In other words, shouldn’t this be all about how the rest of the world is going to sit tight on that Spadina extension until York U and Vaughan come up with concrete density plans to take advantage of it? Isn’t that what Li Preti needs to be told — not show me the buses lost, but show me your density vision? It’s time for them to put up. They’re capable if prodded, and the city will be better for it.

2. On regional-wide approaches to transit: please, please, say something about York Region Transit when you get to this. VIVA is great and all, but the transit map there is a mess. VIVA hubs without bus lines connecting to them. A grid oriented to getting commuters to the subway, not to enabling them to get around the suburb and get some local-to-local flows going. Did I mention routes that don’t connect to hubs?

It goes back to the same issue in my opinion. Regional transit will never, ever work very well without density, at least in clumps. Enough with surrounding tall condos with concrete moats. These communities just do not work. There is no local media in these suburbs, there is noone covering the issues, and it is just getting worse and worse.

First off, the Washington Metro cost a bundle and was a prestige project for the national capital.  It also opened as a separate network from the surface bus system with no transfer privileges.  The net effect was that poor inner city riders were stuck on the buses while the commuters from the suburbs got nice subway trains.

As for York U and redevelopment:  There is land south of the University that is owned by a developer who was supposed to build high density, but changed his mind “because that’s what the market wants”.  Some of York’s own land is made more developable by the subway although it’s ironic that with the station in the heart of the campus, someone living on the periphery will have a long walk to the station.  Moreover, there’s no guarantee that people living in a condo at York would actually work downtown as opposed to driving north, west or east.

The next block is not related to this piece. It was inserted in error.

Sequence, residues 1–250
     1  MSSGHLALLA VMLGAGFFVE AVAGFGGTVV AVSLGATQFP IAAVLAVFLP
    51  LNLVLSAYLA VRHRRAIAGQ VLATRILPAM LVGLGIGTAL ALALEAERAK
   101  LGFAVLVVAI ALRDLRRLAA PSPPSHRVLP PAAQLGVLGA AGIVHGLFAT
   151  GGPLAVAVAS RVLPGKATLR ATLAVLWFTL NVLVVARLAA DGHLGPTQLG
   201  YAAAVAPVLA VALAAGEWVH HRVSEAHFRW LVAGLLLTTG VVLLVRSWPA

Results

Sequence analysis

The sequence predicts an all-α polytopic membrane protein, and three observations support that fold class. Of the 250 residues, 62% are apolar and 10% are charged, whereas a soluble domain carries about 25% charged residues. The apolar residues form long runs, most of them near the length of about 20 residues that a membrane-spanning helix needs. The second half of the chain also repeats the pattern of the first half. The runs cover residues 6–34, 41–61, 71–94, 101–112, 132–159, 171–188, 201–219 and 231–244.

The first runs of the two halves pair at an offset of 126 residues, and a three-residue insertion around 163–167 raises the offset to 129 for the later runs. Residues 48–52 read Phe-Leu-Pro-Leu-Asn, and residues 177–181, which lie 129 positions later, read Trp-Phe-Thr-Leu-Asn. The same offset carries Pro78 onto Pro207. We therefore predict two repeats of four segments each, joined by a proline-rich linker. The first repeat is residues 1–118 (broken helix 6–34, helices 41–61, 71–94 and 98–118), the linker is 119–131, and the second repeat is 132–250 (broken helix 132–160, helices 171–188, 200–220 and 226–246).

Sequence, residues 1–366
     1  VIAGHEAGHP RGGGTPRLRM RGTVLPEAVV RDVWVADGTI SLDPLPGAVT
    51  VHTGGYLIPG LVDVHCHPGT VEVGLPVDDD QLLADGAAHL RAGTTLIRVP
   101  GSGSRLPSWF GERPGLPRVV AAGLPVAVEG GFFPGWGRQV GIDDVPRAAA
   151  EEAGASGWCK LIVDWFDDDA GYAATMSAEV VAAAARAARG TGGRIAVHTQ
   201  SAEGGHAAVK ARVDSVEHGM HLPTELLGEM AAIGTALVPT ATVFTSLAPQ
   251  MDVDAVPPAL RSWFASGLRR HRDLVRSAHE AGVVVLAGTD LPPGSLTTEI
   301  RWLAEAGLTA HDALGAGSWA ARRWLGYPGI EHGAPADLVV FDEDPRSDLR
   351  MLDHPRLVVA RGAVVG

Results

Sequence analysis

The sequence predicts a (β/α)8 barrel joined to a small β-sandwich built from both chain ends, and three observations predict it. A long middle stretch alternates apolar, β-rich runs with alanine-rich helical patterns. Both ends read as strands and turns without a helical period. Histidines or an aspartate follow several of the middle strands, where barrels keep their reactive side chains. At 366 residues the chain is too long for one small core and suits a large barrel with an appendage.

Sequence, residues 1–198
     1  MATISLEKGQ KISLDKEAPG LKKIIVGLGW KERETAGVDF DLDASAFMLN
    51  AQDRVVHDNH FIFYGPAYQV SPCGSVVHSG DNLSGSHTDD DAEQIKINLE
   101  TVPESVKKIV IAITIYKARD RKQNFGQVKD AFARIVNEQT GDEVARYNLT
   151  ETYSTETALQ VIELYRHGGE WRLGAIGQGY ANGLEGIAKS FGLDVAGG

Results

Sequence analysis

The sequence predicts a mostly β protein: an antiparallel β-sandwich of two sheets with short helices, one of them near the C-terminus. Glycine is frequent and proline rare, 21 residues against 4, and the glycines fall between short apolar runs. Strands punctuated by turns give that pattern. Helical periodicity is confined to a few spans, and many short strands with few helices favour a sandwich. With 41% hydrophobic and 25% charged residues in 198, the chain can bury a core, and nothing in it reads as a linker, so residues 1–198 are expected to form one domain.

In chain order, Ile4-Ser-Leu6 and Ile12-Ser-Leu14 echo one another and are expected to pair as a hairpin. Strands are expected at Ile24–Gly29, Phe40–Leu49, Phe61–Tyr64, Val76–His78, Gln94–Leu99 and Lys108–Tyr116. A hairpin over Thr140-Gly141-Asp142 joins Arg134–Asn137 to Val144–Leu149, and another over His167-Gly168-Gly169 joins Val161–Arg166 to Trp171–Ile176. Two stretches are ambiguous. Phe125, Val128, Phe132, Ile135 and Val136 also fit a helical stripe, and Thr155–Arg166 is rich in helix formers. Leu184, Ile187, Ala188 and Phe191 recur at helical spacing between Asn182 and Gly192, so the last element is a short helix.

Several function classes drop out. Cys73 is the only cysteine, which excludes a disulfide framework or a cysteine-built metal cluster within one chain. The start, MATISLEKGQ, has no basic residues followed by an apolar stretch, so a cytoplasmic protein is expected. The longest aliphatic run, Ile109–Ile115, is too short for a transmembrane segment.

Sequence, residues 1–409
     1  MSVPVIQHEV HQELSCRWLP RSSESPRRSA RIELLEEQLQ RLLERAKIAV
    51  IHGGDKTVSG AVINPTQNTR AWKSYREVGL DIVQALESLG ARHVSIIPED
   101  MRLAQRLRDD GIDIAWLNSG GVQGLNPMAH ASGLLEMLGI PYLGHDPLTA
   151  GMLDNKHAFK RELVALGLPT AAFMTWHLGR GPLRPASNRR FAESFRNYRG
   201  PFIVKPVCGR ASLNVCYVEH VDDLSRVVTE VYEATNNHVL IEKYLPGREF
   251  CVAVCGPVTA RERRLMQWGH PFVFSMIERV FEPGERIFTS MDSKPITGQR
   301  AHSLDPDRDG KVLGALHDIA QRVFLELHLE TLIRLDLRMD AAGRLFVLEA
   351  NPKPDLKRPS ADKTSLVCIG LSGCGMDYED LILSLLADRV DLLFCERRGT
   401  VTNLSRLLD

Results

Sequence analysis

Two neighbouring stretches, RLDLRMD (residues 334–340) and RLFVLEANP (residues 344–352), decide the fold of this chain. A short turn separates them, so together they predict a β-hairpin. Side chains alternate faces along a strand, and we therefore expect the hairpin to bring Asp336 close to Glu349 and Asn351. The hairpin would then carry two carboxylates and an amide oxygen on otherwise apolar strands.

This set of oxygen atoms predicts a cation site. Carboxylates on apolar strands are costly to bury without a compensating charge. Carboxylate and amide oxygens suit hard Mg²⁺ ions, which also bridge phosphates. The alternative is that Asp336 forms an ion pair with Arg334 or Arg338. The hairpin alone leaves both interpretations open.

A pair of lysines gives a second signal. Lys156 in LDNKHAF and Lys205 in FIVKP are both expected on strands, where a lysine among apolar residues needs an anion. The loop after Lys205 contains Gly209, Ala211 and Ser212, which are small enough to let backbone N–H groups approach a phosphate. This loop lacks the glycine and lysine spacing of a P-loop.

A great myth of Toronto and subways is that development can pay for them.  This is only true if we have closely spaced stations, massive development along the line and in nearby areas that can be served with short feeder routes.  This type of development will not happen on the Spadina line given the existing and likely land use.  Only the Finch/Keele intersection is a likely spot, and that’s not enough to support a subway line.

As for Viva (or any other spiffy new regional services including the LRT network I would love to see), if it isn’t integrated with local riding demand, if it does not provide convenient trips for a significant proportion of the population, then its market will always be limited.  By extension, the attractiveness of transit as a service that deserves public funding will be constrained if it is perceived as less than useful to most 905ers.

Rebecca writes:

I too believe this subway extension to York U is misguided and is a pre election strategy to get 905 votes. I have concerns as the TTC has to struggle to maintain the current subway system, it’s surface network, and additonally faces the replacement of the Scarborough LRT. I would like to make these politicans ride a bus during peak times for example on Eglinton routes.